Voices of Pluralism and the Medina Charter

The clash of civilizations, cultures, communities (tribes), and religions appears to be predominant throughout human history. At the same time, history discloses concurrent efforts to manage tensions and heal divisions which have fed hostility and animosity through negotiation, diplomacy, mediation, and dialogue. Some conflicts seem too complex to be seen solely as a “religious” issue, as struggles often revolve around land, economic grievances, or ethnic discrimination. So what perspective is best to investigate conflicts in a modern world that seems to be stirred up by finances and economics, natural resources, and racial/ethnic or religious clashes? Examining some of the clauses in the Charter demonstrates how Prophet Muhammad managed to take control and leadership in a divided city (Yathrib, later called Medina) and create a lasting peace. The most significant clause reads that, “They are a single ummah (community),” and it encapsulates the decisive message and goal of the rest of the charter. It points to the formation of a community, and it served as a unifying document in a city of diverse groups, cultures, religions, and languages.

 In the same vein, Iranian studies specialist Saïd Arjomand ties citizenship to “the institution of religious pluralism in Islam, which later developed into the recognition of ‘those to whom we have given the book’ (Q. 2:121; 6:21, etc.), or more frequently, the peoples of the book (Q. 2:63, 65, etc.) under the protection (dhimma) of God.” He adds, “Religious pluralism in Medina was endorsed in the Qur’an ‘There is no compulsion in religion.’”1

Thus, the political idea of inclusive citizenship for all citizens of any state, regardless of creed, race, gender or ethnic belonging, is related to the notion of “human fraternity” and its recognition as “vertical,” based in the Abrahamic faiths on God’s special creation of humankind as his trustees on earth. This brotherhood is not only emotional or sentimental; it is rather a solid message with political implications. Accordingly, it leads directly to the concept of citizenship: we are all brothers, and hence citizens with equal rights and duties, under whose shade everyone enjoys justice. Despite the Qur’anic concept of dhimma (protection Q. 9:29), at least as it was codified in medieval Islamic jurisprudence, we must do away with the notion of “minority,” as it leads to tribalism and mutual antagonism. Generally speaking, such interfaith declarations acknowledge the rampant use of violence to “enforce perspectives” and the fact that force can never resolve the many conflicts in the Muslim world. They also recognize the suffering endured by minority groups in the region over the centuries.

Accordingly, these international, interfaith declarations point back, at least from an Islamic approach, to Muhammad’s Medina Charter, and thereby underscore the main Islamic (Sharia) norms emphasized in various Qur’anic texts regarding the protection for minorities: prohibition of religious compulsion (Q. 2:256); crucial bonds of humanity among different societies and races (Q. 13:49); the need for kindness with others (Q. 60:8), and the obligation to respect contracts and covenants (Q.16:91). Also, Mohammad’s early followers were not called “muslimun” (Muslims), but rather muminun (believers).” Islamic Studies scholar Uri Rubin points to a clause in an early treaty Muhammad concluded with the Jews of Medina: li-Yahudi dinuhum wa li-l-muslimina dinuhum (The Jews shall maintain their own religion and the Muslims theirs).2 He comments, “the latter clause seems to convey the idea that the din (religion), of both parties has equal merit so...each party has the right to go on adhering to its own din and as a confirmation of ‘There is no compulsion in religion,’ and ‘For to you is your religion, and for me is my religion” (Q.109:6) and ‘Say: It is the truth from your Lord; so let whoever wishes have faith and whoever wishes disbelieve’” (Q.18:29).3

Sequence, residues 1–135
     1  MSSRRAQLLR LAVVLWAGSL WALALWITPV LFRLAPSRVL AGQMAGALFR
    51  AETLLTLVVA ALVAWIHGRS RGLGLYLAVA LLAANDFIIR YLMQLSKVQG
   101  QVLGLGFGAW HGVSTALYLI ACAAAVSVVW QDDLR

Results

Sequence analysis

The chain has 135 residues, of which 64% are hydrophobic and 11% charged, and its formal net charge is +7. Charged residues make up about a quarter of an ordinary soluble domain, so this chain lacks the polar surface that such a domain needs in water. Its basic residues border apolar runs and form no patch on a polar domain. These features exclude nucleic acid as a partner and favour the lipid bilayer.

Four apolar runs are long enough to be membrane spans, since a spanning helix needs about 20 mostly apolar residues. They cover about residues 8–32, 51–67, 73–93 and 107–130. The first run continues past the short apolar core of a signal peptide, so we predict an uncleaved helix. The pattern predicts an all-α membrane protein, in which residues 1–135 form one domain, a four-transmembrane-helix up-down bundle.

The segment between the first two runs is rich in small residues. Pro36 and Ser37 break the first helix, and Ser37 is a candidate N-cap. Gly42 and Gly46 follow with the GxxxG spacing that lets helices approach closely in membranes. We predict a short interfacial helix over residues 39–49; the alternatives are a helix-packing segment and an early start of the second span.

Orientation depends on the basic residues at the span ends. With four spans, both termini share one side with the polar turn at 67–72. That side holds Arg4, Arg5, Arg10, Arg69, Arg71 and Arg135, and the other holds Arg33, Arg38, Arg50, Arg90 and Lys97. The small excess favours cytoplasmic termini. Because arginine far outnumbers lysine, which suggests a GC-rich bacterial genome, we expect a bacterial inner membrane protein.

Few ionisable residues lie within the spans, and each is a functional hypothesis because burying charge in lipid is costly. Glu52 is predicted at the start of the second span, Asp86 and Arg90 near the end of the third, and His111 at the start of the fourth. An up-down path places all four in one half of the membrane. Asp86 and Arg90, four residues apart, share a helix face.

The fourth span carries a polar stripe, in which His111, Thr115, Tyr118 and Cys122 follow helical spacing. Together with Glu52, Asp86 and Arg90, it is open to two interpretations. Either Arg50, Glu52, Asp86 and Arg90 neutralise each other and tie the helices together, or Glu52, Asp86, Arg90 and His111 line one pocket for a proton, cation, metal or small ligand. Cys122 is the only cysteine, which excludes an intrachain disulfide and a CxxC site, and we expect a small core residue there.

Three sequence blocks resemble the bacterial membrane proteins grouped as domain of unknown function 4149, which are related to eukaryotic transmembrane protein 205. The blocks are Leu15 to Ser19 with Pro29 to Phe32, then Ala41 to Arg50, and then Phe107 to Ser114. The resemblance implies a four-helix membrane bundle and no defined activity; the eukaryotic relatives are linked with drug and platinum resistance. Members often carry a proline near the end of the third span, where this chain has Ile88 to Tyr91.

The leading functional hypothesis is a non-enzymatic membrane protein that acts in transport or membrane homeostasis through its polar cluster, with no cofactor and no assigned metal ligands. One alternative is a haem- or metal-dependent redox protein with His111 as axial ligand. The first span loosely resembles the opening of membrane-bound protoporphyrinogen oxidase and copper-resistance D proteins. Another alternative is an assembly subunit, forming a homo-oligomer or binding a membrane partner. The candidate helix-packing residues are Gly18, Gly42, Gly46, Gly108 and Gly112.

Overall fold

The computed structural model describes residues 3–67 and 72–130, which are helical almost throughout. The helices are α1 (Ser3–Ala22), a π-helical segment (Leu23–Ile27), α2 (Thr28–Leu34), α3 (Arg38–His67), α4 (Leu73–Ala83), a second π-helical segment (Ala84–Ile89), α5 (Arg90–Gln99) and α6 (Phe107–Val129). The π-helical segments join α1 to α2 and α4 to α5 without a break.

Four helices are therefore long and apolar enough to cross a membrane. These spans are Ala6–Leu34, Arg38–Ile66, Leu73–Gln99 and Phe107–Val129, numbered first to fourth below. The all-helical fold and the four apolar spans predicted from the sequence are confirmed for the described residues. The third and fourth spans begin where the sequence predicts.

Moreover, these universal statements recently signed by Muslim spiritual leaders define a concept of pledged citizenship that focuses on a shape of relationship justified more on “religiosity” than on “religion.” Each religion has its own creeds and rituals, but in its spiritual orientation and ethics they have much in common. Hence, the idea of religious pluralism. In fact, Muhammad’s Medina Charter (or Constitution) adds two important elements to this discussion of citizenship. The first is that under Shari‘a norms, international treaties and agreements (mu‘ahadat) are crucial for promoting peace between nations. Though this document was an internal roadmap for bringing unity and peace between feuding tribes and religious entities (hence, a constitution), it points to an application on a wider scale to international treaties of peace between nations. The importance of these was enshrined both in the Qur’an and in subsequent Islamic jurisprudence.

The second element in the Medina Charter impacting citizenship is the stress on religious pluralism: Jews, Muslims, and Arab polytheists can coexist as members of a political entity on an equal footing. In this sense, religiosity is more important than religion. This understanding assumes that some religious messages are common to several religious traditions. In fact, the current collaboration among global faiths is a product of religious pluralism – respecting our differences while recognizing our common ethical values based on the inherent dignity of all human beings.